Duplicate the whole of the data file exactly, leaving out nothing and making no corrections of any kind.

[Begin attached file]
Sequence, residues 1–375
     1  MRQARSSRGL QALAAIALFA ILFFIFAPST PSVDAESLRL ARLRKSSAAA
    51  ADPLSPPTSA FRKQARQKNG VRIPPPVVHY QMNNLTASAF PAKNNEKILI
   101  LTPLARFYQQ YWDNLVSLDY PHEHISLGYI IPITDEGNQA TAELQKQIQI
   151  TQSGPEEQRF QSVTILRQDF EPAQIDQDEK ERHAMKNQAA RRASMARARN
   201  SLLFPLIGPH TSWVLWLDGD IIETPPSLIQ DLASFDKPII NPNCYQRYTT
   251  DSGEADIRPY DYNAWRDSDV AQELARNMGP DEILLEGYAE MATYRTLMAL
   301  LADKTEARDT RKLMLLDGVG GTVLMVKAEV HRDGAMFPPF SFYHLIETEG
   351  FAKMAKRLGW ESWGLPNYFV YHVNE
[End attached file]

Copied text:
Sequence, residues 1–375
     1  MRQARSSRGL QALAAIALFA ILFFIFAPST PSVDAESLRL ARLRKSSAAA
    51  ADPLSPPTSA FRKQARQKNG VRIPPPVVHY QMNNLTASAF PAKNNEKILI
   101  LTPLARFYQQ YWDNLVSLDY PHEHISLGYI IPITDEGNQA TAELQKQIQI
   151  TQSGPEEQRF QSVTILRQDF EPAQIDQDEK ERHAMKNQAA RRASMARARN
   201  SLLFPLIGPH TSWVLWLDGD IIETPPSLIQ DLASFDKPII NPNCYQRYTT
   251  DSGEADIRPY DYNAWRDSDV AQELARNMGP DEILLEGYAE MATYRTLMAL
   301  LADKTEARDT RKLMLLDGVG GTVLMVKAEV HRDGAMFPPF SFYHLIETEG
   351  FAKMAKRLGW ESWGLPNYFV YHVNE